The expression of amazement on a child’s face when they receive a pleasant surprise or discover something new for the first time, reflect the purity of his heart that overflows with joy; the innocence of his thoughts and the love that surrounds them.
It is said that “In childhood everybody lives better”. Perhaps because when we were children, we do not have major responsibilities. No debts are acquired. We find it easier to believe what we are taught. We intensely enjoy everything that happens around us without worrying about what will happen the next day. Oh, maybe because in childhood there is usually no such thing as greed, distrust, envy, selfishness, or discrimination. In childhood, life is simply lived as it is, without expecting anything different, only with the conviction of being happy with what we have around us.
Perhaps that is why the memories of our childhood turn out to be the best. Since, in most cases, we spend time daily with our parents, our brothers and our friends.
During elementary school, when I was in first grade, my favorite book was the Popol Vuh. Usually when I left school I would run through the coffee plantations, which were on the way to where I lived. There, under the shade of a coffee bush, I would sit on the ground to read the fascinating stories that were told in that forbidden book at that time, (I still don’t know if it was forbidden for everyone or just for me). However, I appreciated it as an immeasurable treasure that could only be read secretly when I was alone; away from the disturbing gazes of all those who objected to me immersing myself within its pages.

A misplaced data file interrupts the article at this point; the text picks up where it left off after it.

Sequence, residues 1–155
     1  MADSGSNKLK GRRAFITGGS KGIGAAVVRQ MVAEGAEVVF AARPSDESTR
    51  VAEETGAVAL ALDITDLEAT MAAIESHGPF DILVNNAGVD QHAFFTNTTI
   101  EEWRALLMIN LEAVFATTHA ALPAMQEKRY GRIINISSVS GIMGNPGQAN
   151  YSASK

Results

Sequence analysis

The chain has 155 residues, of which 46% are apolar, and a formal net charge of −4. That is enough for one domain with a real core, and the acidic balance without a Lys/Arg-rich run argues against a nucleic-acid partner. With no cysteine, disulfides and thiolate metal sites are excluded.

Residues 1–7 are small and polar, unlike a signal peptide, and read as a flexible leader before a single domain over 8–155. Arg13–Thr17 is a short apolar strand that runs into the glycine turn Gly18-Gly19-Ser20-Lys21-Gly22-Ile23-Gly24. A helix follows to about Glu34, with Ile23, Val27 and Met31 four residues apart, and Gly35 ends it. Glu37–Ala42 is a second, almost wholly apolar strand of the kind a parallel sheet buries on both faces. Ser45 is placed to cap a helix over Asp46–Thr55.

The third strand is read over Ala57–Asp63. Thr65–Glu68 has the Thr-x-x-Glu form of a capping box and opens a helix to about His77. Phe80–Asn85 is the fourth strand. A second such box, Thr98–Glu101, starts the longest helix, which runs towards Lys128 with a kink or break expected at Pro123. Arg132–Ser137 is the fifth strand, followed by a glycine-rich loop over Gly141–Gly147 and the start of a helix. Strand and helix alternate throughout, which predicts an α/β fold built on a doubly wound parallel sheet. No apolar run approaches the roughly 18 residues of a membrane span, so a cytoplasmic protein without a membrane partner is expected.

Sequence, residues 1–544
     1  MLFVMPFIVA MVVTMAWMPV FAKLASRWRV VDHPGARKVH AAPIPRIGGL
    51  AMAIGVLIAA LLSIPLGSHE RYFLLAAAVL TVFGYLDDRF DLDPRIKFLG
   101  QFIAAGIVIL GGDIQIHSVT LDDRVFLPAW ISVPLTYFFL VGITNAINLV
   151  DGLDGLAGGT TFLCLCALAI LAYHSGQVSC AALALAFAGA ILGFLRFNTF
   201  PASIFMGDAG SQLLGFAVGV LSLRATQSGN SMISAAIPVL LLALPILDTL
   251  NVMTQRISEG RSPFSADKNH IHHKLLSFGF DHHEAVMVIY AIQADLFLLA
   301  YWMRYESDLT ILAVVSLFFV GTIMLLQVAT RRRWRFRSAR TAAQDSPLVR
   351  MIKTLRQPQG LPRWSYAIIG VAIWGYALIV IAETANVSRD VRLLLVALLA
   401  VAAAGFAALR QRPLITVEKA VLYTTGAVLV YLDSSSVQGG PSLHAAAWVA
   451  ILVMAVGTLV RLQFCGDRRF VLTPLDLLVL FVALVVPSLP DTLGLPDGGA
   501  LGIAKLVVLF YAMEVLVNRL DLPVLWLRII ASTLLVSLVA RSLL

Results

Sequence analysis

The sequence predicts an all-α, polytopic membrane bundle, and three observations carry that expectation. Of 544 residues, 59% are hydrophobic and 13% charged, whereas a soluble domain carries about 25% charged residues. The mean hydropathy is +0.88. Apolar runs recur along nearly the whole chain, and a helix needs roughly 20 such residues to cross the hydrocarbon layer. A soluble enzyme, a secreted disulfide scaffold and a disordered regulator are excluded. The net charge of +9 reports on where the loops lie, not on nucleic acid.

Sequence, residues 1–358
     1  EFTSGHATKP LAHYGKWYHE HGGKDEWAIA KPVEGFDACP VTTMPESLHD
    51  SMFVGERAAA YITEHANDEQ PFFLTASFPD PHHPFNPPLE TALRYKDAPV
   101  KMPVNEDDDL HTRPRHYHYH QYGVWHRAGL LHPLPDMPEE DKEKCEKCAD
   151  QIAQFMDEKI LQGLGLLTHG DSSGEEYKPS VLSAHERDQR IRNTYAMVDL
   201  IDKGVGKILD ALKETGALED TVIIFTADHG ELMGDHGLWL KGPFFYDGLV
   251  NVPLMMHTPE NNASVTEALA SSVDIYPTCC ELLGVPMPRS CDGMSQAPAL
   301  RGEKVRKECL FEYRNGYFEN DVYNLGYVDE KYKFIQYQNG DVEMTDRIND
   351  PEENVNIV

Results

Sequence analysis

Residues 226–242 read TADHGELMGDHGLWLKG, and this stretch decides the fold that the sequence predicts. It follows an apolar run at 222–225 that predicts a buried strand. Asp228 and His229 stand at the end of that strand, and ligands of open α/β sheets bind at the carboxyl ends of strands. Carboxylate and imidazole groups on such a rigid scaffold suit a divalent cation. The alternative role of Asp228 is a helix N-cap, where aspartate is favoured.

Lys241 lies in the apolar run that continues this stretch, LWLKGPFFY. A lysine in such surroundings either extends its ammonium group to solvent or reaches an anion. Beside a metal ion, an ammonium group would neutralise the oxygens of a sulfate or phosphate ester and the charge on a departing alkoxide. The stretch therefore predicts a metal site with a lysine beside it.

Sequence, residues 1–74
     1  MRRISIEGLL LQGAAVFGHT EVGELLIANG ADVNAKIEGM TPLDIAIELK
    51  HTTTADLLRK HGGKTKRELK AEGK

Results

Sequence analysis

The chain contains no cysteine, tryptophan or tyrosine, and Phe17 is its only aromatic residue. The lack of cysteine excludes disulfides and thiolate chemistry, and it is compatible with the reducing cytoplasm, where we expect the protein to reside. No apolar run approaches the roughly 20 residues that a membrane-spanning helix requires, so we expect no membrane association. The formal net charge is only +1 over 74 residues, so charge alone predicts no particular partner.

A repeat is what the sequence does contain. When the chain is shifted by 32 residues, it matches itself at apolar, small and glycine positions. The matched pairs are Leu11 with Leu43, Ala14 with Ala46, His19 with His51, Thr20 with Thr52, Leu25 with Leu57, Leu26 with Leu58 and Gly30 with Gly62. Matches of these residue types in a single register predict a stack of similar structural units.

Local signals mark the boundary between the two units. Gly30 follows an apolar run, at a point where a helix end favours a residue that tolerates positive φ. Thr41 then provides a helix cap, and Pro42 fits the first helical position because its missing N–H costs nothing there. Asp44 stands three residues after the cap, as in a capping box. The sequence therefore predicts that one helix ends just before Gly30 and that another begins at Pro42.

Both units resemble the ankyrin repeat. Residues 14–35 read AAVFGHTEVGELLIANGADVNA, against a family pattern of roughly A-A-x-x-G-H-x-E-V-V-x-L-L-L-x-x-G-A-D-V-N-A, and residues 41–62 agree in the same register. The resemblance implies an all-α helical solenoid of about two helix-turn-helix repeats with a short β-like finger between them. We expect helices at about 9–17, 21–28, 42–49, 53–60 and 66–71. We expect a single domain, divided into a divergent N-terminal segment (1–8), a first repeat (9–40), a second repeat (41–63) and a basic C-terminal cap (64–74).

I don’t know how many times I read it, but when I finished reading it, I started reading it again. In my innocence I came to believe that the corn plants were sacred because they had literally been used to create the bodies of human beings. Although, I must clarify that my intention is not to contradict any religious belief since corn is considered a sacred food that has been provided by the gods. And even with my age, sometimes I say, “I AM A MAN OF CORN” which means that my ancestral roots are of MAYA origin.
In my country, Guatemala, corn is grown, harvested, and consumed in large quantities. In some geographical areas, it is customary to make corn dough porridge to feed babies out of necessity or by custom. Guatemalans consume corn daily in some of its forms. Eating corn tortillas is the most common. I can also mention chuchitos, fried tacos made with corn dough, tamales, empanadas stuffed with potatoes, corn atol, tascales, pupusas and many more products made with corn. I know that there will be many people in other countries who do not know about these products made with corn but suffice it to say that they are all delicious to taste.
Corn has also become a very important source of income for many low-income families who sell it and prepare it in various ways. I assure to all of you that there is nothing more fascinating and delicious than eating corn, freshly cut from the plant and slow roasted over the coals, seasoned only with salt and lemon during a rainy afternoon or a cold winter day. Letting yourself be intoxicated by the exquisite aroma that arises when the lemon touches the corn.
Or to experience the uncontrollable ecstasy of gluttony when you can’t stop eating freshly made tascales covered in fresh cheese and cow’s milk cream dissolving inside your mouth, leaving you with a sensation of pleasure that only perfectly seasoned corn can produce.
If you have ever had the privilege of making your own cornbread. You will know how appetizing and alienating the smell of corn can be when it is cooked in all its forms.
The Popol Vuh, or forbidden book, teaches us the importance of corn. As a child, I learned to respect and value the fruits of the earth. Therefore, I learned to respect and value those who cultivate and harvest them with their hard work.
If all of us could learn to see life as if we were children without losing the perspective that we are adolescents or adults, we would naturally accept all our assignments and enjoy the time we spend doing them. We would also give it the real value implicit in all the fruits of the earth, respecting and valuing all those people who live their lives producing them. I wanted to write a little about corn because it is a fundamental part of the lives of many people around the world, and it is a part of the stories of my land.